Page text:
Memory-Keeper Artifacts

by Apr 1, 20220 comments

Post updated May 8, 2022 to add link to free new workbook

On Treasures that Prompt Memories

Capture the Stories to Break the Hold of Things

Keep the Stories is about capturing your memories, deciding what stories you want to tell and how you want to tell them.

Often we associate our stuff with the memories that they trigger with the inevitable result that we attach strong emotion to items that that otherwise would likely have little meaning. I call these things memory-keeper artifacts because they are act as holders of our memories.


An object made or shaped by human hands, typically one of cultural or historical interest. 


 A keepsake; an object kept as a reminder of a place or event.

I suppose that a more accurate term would be memory-keeper mementos since sometimes we keep natural tokens – like a seashell found on a special beach – but I prefer ‘artifact’ because:
a) MOST things that we keep for sentimental reasons are human made or human shaped and
b) I prefer to see these tokens as having cultural or historical interest, at least on a personal level. The reason they are so hard to let go seems to require a stronger nomenclature than ‘keepsake’.

Things Are Not Memories

It is undeniable that things bring up memories of people, places and times that are part of our personal histories.  However, it is worth remembering that the things themselves are not the memories – AND they can not share the stories that they hold. That part is up to you.

Why You Should Capture Your Stories

Your memory-keeper artifacts probably contain many details that are important only to you.  Of course, in some cases, they will hold memories for others with whom you have shared experiences.  Even with a shared experience, you will typically have your own view and unique perspective.  If you do have items with shared memories and have the opportunity to connect with other people, ask them about their memories of specific details.  That can often help you build an even better story – or recall things you had forgotten.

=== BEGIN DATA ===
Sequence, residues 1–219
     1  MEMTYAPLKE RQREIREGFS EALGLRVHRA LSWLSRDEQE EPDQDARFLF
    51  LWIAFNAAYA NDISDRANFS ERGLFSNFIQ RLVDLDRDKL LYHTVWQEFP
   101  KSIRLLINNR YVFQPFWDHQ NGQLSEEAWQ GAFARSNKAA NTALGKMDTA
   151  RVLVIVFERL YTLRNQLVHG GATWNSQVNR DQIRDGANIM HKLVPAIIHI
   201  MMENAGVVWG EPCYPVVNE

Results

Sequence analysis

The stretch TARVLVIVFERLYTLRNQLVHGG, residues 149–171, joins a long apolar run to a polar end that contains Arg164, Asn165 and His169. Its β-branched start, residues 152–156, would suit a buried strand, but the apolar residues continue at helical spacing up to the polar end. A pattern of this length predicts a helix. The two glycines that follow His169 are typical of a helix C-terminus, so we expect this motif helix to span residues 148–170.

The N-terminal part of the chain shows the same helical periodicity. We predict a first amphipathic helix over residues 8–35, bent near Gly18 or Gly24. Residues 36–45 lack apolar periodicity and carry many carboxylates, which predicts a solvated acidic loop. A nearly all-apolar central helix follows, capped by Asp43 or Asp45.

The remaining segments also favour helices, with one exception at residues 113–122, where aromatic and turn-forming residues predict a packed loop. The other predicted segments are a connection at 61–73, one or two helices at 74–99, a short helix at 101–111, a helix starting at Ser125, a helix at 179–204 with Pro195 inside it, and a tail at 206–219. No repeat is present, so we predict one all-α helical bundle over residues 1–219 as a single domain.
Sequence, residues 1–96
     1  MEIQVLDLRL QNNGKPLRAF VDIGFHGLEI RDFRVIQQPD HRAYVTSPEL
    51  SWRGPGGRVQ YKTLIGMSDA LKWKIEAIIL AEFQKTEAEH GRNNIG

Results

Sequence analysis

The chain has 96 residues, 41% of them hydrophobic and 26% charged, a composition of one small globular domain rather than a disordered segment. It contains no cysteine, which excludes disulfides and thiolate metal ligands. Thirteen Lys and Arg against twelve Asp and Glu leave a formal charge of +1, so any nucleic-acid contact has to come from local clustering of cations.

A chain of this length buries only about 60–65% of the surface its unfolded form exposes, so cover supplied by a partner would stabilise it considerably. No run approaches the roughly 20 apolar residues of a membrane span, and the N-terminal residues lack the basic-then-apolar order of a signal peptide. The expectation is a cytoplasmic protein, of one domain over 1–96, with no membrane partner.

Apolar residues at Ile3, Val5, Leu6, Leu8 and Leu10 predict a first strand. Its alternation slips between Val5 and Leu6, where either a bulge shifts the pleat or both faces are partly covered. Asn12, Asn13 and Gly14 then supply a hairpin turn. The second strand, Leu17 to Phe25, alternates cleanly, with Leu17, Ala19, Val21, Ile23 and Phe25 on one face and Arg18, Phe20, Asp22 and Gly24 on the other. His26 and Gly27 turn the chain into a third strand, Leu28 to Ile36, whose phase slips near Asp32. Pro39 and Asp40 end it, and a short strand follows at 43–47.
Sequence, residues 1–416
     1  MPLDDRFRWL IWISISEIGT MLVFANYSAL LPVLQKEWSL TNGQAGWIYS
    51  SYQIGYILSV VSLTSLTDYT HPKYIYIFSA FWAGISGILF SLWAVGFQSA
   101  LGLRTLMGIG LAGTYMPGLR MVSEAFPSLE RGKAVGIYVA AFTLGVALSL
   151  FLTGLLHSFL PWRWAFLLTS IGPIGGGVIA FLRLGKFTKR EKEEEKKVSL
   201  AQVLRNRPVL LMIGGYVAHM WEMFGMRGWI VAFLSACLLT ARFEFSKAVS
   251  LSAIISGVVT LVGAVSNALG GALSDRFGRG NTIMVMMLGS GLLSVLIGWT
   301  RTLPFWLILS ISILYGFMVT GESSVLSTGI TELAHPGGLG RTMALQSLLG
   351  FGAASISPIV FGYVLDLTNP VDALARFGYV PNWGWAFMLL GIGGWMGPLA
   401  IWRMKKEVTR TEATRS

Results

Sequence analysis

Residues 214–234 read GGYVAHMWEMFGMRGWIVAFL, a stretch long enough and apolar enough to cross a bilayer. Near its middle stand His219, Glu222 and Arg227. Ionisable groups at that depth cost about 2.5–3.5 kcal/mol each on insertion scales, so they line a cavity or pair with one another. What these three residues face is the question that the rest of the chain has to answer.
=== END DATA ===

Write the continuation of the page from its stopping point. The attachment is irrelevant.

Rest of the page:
Recording the details of the stories held in your memory-keeper artifacts:

  • Provides an essential step towards letting go of things that no longer serve you by helping you conquer the fear of losing associated memories.
  • Helps you break emotional attachments by recognizing that things are not memories.
  • Frees you to release the stuff, and pass it on to a new chapter, hopefully, one where it will be used and appreciated.  And, with the details you’ve captured, you might even decide to share the story that goes with the object when you pass it along to a ne home.
  • Prepares you to elaborate and tell your stories in a way that that resonates, whether you chose to keep it to yourself ,or share with your friends and family, or even by publishing it for a wider audience.  For some ideas on how to tell the story, see 75 Ways to Share Your Stories.
  • Reminds and encourages you to simplify your life by making intentional choices about what you want – and don’t want – in your home and your life.
Memory Maker Artifacts: hy you should capture the stories of your stuff

Start Today

Do you have things that you keep around because you are afraid of losing associated memories?

Maybe it is time to start to change that.  Look around and see if there are items that,  in all honesty, you would probably give away or throw away if not for that connection.

Here’s a process that might help you decide whether to keep the object or let it go: Is There a Story Here?

What stories are your memory-keep artifacts holding for you?  It is time to get them recorded! 

And please leave a comment to share your story or any suggestions for capturing the memories.

Mary Elizabeth O'Toole

Mary Elizabeth O'Toole

Educator, Artist, Storyteller


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